OCLC Research Survey About Library Use offers Chance to Win $20 Amazon Card

Have you ever used library systems to search for and access sources? If so, OCLC Research would like to talk to you about this and will pay you for your time, if you are selected to participate in their study.

OCLC Research (http://www.oclc.org/research/) and the University of Illinois (https://www.library.illinois.edu/) are working together on a study investigating how individuals navigate their library searches for sources and how they determine if the experience was successful. They also are interested in how individuals get access to any sources that were identified in the searches and how and why these sources were selected and used. The findings may be published or used in presentations.

If you are interested in participating in this study, you will need to complete a brief online screening survey and provide your email address, which should take about 10 minutes. We will use this to determine if you fit the study profile. If you are chosen to participate in the study, you will need to give your consent by signing a consent form. Please understand that you will not be compensated for completing the screening survey. You only will receive compensation if you are chosen and participate in an interview.

Interviews will be conducted and audio recorded via Skype and will last approximately 45 minutes. Your identity will be kept confidential. Your email address and any other identifying information will not be connected to your interview responses. Furthermore, you may withdraw your consent at any time to terminate your participation. For your participation and completion of the interview, you will receive a $20.00 gift card from Amazon.

If you know anyone who would be interested in participating in this study, we encourage you to pass on this information.

How Do I Participate?

1. The next time you use your library website’s search engine, DO NOT CLOSE THE SEARCH RESULTS BROWSER TAB/WINDOW AFTER SEARCHING. Leave the search results window open, because you will need it in Step 3.

2. Open this link https://oc.lc/discovery-survey in a new browser tab or window and take the survey about your experience.

3. When prompted, copy the “Request ID” from the bottom of the search results page and paste it into the survey. The Request ID (example shown inside the red rectangle below) is a unique identifier that helps us connect your feedback with your search activity. Look for a code that has some small bits of alphanumeric characters separated by four hyphens. For example, “bc981f6f-262e-435c-97cd-668b41af33e0”.

 


Happy Anniversary to UofL’s Institutional Repository, ThinkIR!

By Sarah Frankel, Open Access & Repository Coordinator

On February 12, 2015, Digital Initiatives Librarian Rachel Howard imported over 1,000 Electronic Theses and Dissertations (ETDs) from the University Libraries’ Digital Collections into the newly created ThinkIR: The University of Louisville’s Institutional Repository. Three years later, this particular collection now has nearly 3,000 titles which have been downloaded over 500,000 times! This same year, graduate students began submitting their theses and dissertations to ThinkIR directly, after approval from their committees. This has saved much time and effort, now that we no longer have to scan each paper or track down students to sign permission forms!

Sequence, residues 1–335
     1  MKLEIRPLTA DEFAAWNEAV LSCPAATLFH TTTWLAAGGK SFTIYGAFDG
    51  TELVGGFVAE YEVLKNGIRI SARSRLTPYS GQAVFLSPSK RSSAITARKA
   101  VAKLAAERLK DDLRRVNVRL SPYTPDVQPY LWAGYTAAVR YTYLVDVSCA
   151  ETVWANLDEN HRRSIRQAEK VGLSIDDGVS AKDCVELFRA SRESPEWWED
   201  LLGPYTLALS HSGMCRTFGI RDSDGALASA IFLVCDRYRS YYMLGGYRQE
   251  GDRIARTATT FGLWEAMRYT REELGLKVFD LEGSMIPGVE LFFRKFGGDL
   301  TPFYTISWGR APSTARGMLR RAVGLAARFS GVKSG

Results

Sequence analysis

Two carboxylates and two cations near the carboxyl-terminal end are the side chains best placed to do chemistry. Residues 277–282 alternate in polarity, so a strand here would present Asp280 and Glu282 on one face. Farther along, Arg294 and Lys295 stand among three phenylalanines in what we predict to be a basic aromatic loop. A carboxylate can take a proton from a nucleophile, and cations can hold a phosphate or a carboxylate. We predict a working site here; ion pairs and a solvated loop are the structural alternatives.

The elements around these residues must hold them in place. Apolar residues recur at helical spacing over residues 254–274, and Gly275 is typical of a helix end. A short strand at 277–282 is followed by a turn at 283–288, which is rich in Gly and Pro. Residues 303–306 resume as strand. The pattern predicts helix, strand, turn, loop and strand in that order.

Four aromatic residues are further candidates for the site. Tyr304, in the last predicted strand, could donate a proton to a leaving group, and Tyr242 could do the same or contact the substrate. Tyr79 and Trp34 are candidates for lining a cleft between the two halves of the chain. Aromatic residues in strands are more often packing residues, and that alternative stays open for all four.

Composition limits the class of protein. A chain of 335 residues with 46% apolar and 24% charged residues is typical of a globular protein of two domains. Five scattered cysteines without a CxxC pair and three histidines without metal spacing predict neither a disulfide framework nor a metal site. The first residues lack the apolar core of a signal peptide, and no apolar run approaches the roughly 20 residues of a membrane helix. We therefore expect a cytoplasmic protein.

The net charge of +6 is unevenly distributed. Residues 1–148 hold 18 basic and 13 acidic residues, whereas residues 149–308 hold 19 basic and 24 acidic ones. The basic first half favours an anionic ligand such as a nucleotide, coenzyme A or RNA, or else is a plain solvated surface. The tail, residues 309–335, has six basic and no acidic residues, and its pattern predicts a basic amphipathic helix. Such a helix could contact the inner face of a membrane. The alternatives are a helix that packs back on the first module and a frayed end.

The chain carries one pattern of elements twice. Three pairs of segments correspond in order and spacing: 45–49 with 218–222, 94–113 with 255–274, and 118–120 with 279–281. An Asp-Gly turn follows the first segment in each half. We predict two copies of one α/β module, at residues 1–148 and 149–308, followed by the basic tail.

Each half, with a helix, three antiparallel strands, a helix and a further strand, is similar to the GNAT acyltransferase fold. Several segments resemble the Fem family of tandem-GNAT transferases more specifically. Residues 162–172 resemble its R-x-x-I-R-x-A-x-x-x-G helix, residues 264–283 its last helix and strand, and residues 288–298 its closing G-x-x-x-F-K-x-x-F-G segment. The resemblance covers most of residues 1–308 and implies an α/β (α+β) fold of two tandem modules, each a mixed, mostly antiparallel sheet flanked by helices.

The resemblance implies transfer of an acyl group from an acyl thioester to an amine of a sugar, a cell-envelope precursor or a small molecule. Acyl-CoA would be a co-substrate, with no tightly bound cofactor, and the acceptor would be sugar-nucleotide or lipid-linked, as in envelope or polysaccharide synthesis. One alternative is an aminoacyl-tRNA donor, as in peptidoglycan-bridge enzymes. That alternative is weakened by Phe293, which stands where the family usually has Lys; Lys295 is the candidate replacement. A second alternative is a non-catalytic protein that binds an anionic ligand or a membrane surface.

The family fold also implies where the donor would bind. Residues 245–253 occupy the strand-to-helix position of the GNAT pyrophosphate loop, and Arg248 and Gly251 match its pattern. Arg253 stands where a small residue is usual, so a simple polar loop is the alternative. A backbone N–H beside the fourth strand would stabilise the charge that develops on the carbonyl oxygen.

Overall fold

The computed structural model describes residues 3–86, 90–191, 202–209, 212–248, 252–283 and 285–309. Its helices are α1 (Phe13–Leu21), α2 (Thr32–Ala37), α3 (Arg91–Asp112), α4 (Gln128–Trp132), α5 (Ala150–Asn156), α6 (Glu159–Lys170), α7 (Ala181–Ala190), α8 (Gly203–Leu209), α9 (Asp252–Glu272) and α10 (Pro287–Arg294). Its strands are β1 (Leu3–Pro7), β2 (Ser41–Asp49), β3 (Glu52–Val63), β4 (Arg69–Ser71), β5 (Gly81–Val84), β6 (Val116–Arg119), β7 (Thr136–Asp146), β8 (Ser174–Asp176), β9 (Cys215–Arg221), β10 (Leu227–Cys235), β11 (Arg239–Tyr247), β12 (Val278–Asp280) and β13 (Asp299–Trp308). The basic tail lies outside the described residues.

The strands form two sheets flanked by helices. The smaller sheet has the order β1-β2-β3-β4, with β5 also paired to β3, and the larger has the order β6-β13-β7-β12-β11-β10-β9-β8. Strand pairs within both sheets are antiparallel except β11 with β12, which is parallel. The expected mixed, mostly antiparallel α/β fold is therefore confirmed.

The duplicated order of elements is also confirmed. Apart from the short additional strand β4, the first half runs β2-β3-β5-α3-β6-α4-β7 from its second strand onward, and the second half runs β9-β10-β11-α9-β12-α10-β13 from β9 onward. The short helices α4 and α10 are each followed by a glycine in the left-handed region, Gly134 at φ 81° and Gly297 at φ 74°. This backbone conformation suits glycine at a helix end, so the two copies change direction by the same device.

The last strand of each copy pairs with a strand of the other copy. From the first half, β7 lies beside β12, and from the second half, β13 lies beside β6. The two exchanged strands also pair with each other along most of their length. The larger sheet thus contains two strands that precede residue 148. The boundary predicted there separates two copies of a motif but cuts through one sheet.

thinkIR homepage

In 2016, we began recruiting faculty scholarship for inclusion in ThinkIR and also developed a mediated deposit model where we create research profiles for faculty members, investigate the copyright status of their works and ultimately upload what can be included in ThinkIR. Today, we have 341 faculty papers in ThinkIR and over 50 faculty profiles have been created, which we anticipate will grow even more in the coming year.

In early 2017, the first open access journal hosted by ThinkIR – Journal of Respiratory Infections – was launched. We also host the Journal of Refugee & Global Health. Both journals are managed by UofL faculty and staff on the Health Sciences Campus.

In addition to these successes, ThinkIR is also home to the College of Education & Human Development Capstone Projects and the College of Arts & Sciences Senior Honors Theses. In 2017, the administrators of the Honors Program and several faculty advisors began using ThinkIR in what we refer to as the “caterpillar” model. Each student submits a proposal, the faculty member reads it and submits their review, the proposal is then replaced with the thesis document by the student, then the faculty member submits a final review, the thesis is approved by the administrators and posted to ThinkIR. The entire process from beginning to end is completed using the repository!

To date, our most downloaded item is a 2012 Master’s Thesis from the Department of Pan African Studies: “The hidden help : black domestic workers in the civil rights movement” by Trena Easley Armstrong – this has been downloaded 7,725 times since February 12, 2015!


University Libraries offers new digital historic Courier-Journal